In practice and based on our experience, Omani courts will read and apply the above provisions narrowly. An unsuccessful litigant will commonly encounter difficulty invoking Article 352 to facilitate the non-recognition of a foreign award where such award is issued via the rules of a reputable arbitral institution and there is clear evidence the counterparty was informed of the proceeding.

At the time of writing, a total of 168 countries have ratified the New York Convention, albeit with some caveats. Hence, foreign arbitral awards that are seated in most countries should generally be deemed to satisfy the reciprocity criteria mentioned under Article 352.[5]

Notably, the Omani courts, as is the practice across the GCC, usually only award nominal amounts for legal costs. As such, an unsuccessful litigant that seeks to oppose the recognition of a foreign arbitral award will not run the risk of an adverse costs order. This means there may be little disincentive for a party with an adverse arbitral award against it not to challenge an award's recognition under Article 352, despite the narrow prospects of success.

Practical considerations when seeking enforcement

A party seeking to enforce a foreign arbitral award in its favour should note:  

  • The Award: It will be necessary to obtain an original hardcopy certified arbitral award from the issuing arbitral institution or panel.  
  • Apostille: Once the original signed arbitral award has been obtained, the award should be apostilled by the relevant authority in the seat of the arbitration (usually the Ministry of External or Foreign Affairs). Notably, Oman is a signatory[6] to the Apostille Convention which streamlines the international certification and recognition of official documents. Not all nations are signatories to the Apostille Convention, including the United Arab Emirates.  Arbitral awards issued in non-Apostille Convention countries will therefore need to be 'legalised' by that nation's foreign ministry. Once the arbitral award has been attested or legalised, it should be presented to the relevant Omani consulate or embassy for further certification. 
  • Nullification proceedings outside of Oman: It is not uncommon for an unsuccessful party to an arbitration to commence nullification proceedings in the courts of the seat of the arbitration.  Unless the courts in the seat of the arbitration have issued a final judgment setting aside or nullifying the award, the existence of such proceedings is unlikely to inhibit the recognition and enforcement of the foreign arbitral award in Oman.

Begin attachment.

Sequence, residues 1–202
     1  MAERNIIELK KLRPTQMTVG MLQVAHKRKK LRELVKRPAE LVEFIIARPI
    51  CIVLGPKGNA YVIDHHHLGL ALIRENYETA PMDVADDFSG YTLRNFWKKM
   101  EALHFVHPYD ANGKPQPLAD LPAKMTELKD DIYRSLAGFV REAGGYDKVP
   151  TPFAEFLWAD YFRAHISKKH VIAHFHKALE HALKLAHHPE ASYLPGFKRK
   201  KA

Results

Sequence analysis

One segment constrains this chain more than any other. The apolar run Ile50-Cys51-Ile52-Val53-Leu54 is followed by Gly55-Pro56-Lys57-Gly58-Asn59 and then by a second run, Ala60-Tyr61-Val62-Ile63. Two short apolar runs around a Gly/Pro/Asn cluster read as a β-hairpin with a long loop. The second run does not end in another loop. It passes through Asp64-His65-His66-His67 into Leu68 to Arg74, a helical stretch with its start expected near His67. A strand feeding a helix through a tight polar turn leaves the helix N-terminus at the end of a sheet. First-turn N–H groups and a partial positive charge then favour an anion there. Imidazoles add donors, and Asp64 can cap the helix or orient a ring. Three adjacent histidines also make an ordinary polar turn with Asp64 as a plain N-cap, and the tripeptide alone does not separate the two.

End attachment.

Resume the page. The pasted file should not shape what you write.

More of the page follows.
• Power of attorney: Local counsel in Oman will be required to have been issued a power of attorney by the relevant authorised signatories of the successful litigant (if a corporate entity).  Such power of attorney, if issued in Oman, must comply with procedural requirements and be sworn in the presence of an Omani Notary. Different procedures apply if the power of attorney is to be sworn outside of Oman. 
  • Official translation: An Arabic translation of the authenticated award must be filed in the Court of Appeals, given all Omani court proceedings are conducted in the Arabic language. An Oman-based translator should be used and a stamp containing the translator's particulars affixed to the translation.

With the recent inauguration of the Oman Commercial Arbitration Centre, parties may in the long term increasingly opt for Oman seated arbitrations.  

In the meantime, investors can have confidence that the legal framework for the recognition and enforcement of foreign arbitral awards in the Sultante remains firm.

Key Contacts

Saif Al Mamari

Saif Al Mamari

Partner, Commercial Disputes

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Nic Henrikson

Nic Henrikson

Partner, Commercial Disputes

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[1] Arbitration Law, Article 1. 
[2] Via Royal Decree No. 36/1998 On the Accession of The Sultanate of Oman to the UN Convention of 1985 on the Recognition and Enforcement of Foreign Arbitral Awards.
[3] Depending on when the arbitration agreement/clause was concluded.
[4] Oman Court of Appeal decision 1322/20. Addleshaw Goddard Oman acted for the successful applicant.
[5] Civil Procedure Law, Article 352 (E.).
[6] Via RD No. 36/1998.